Letter to the editor

To the editor,

I look forward to reading LG Focus each month, as it provides interesting insights into what is going on in the diverse world of local government. However, when I eventually got around to reading the August issue, I was appalled at the unattributed article on glyphosate.

The article regurgitates the usual rhetoric I would expect to see from ill-informed anti-everything activists. 

It cites without question a report by the International Agency for Research on Cancer (IARC) in 2015 which claimed that glyphosate is “probably carcinogenic”. That report has now been comprehensively discredited – but no mention of this was made in the article.

No other herbicide has been subjected to as many rigorous tests and investigations as glyphosate and yet there is no scientific proof that it has harmed anyone.

At the same time, there is clear evidence that it has reduced the environmental impact of agriculture, allowing us to sustainably produce more from finite resources of land and water thus improving the lives of millions of people.

In 2017, the European Food Safety Authority completed a reassessment of glyphosate as part of the EU’s pesticide renewal process. Using a risk-based, weight-of-evidence assessment approach, EFSA considered an extensive body of scientific evidence – including the IARC review– and determined that there was no credible evidence that glyphosate causes cancer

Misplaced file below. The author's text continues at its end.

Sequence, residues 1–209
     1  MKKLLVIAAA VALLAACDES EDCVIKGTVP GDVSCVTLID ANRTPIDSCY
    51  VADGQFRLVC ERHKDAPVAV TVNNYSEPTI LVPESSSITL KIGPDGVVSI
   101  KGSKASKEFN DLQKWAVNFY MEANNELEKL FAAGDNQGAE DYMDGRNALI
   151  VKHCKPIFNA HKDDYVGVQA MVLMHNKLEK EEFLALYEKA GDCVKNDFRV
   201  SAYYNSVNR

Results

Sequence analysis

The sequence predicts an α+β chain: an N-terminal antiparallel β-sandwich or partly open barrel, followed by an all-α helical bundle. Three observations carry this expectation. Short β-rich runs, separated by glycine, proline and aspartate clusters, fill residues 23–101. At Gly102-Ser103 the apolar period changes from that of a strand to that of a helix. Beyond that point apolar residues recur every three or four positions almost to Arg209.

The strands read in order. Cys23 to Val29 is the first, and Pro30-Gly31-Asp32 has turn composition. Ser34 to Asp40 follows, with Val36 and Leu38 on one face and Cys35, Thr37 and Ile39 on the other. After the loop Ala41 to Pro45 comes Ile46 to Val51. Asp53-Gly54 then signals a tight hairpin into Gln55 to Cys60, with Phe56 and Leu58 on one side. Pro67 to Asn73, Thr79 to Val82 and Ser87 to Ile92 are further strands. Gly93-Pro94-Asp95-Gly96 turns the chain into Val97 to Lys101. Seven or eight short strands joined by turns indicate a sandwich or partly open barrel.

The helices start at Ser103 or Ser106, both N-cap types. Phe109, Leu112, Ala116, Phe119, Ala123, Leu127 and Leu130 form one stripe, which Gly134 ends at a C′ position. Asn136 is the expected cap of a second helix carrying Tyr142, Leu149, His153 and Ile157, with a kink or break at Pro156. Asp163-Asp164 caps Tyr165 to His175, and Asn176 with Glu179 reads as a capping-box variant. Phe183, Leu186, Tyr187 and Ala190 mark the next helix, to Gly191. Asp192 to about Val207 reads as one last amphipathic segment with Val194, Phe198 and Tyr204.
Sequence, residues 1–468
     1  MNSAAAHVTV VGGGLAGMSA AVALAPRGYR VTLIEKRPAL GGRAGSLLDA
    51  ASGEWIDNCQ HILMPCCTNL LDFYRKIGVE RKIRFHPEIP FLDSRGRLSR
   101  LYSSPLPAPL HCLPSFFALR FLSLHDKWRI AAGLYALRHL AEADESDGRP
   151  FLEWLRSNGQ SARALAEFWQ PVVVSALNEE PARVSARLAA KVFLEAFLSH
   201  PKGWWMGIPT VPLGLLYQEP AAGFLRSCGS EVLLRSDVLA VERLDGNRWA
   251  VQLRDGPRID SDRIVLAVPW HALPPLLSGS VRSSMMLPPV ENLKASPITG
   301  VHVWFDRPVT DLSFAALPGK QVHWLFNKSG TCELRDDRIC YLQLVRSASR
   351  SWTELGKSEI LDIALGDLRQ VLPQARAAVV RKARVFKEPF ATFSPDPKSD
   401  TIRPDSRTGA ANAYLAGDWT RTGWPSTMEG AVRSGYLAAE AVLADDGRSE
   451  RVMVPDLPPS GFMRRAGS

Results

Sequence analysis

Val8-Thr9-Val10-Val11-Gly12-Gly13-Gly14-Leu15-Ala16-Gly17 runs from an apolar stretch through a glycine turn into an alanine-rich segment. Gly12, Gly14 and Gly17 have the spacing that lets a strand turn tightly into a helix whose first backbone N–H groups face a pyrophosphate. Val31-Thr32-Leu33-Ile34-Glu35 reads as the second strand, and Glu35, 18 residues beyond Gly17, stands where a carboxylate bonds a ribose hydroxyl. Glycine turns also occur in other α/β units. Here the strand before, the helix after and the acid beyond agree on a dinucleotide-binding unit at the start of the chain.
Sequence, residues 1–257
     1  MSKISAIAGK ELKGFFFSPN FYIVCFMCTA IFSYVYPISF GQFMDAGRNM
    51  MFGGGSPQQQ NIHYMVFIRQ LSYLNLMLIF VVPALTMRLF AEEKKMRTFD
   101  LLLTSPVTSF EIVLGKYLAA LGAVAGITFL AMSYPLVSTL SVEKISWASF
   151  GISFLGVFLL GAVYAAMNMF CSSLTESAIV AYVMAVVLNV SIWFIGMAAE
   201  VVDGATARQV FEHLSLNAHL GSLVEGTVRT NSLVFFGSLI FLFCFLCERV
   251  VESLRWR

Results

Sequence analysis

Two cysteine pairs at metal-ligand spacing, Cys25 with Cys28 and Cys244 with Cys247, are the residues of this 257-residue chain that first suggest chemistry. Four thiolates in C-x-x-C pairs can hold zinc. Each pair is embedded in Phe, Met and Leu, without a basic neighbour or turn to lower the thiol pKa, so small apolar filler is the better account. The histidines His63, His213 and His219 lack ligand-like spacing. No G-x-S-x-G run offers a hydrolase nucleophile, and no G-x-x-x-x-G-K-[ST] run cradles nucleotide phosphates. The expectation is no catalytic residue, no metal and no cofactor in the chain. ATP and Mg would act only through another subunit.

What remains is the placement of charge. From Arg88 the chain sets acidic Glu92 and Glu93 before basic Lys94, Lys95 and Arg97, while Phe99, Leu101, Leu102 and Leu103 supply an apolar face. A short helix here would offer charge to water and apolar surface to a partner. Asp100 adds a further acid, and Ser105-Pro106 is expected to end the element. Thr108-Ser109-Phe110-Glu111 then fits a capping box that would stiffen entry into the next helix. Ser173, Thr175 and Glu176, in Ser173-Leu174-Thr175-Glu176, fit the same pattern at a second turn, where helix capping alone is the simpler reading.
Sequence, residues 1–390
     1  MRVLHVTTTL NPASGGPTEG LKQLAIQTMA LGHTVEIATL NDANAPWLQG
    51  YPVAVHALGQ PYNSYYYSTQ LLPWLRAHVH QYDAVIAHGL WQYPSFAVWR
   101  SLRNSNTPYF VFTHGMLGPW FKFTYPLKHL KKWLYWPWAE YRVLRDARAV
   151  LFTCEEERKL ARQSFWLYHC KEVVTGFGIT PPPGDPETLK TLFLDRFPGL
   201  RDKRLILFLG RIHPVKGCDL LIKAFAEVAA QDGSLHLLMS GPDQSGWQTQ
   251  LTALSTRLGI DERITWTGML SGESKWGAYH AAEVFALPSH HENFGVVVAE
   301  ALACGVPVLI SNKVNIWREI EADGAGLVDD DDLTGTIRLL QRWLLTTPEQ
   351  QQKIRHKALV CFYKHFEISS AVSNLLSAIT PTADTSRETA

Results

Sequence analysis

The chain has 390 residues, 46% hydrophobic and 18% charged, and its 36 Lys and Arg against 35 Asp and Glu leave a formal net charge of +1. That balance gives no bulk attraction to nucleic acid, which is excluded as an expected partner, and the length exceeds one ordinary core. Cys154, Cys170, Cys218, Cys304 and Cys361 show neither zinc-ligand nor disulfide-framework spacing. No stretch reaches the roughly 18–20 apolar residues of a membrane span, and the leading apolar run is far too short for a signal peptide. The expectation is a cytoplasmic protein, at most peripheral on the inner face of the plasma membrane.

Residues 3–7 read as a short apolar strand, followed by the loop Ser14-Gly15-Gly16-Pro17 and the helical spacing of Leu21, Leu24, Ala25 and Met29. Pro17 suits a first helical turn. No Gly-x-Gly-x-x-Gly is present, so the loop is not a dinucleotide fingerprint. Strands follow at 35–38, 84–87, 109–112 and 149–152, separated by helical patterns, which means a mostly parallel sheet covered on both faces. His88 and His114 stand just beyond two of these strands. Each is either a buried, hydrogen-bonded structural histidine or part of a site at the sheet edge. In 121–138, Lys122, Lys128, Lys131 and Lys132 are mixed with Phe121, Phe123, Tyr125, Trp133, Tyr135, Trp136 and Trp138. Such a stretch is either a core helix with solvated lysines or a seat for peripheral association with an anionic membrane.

in humans.

The US Agricultural Health Study has been tracking 89,000 farmers who use glyphosate for 23 years. It has found “no association between glyphosate exposure and all cancer incidence or most of the specific cancer subtypes evaluated”.

In 2016, the Australian Pesticides and Veterinary Medicines Authority (APVMA) commissioned a review of the IARC report along with various risk assessments undertaken by expert international bodies and regulatory agencies. This review concluded that glyphosate does not pose a carcinogenic risk to humans when used in accordance with guidelines and that there are no grounds to place it under formal reconsideration.

Experts the world over have categorically deemed glyphosate safe.  
Unfortunately, we live in an age where rational science-based evidence struggles to stand against ill-informed opinion, and the divide between those growing food and those eating it is stark.

I expect better of a publication that is meant to be objective and is directed at a target audience that relies on facts to inform decision-making. In this instance, you have failed to meet that standard.

Jan Davis
Councillor, Northern Midlands Council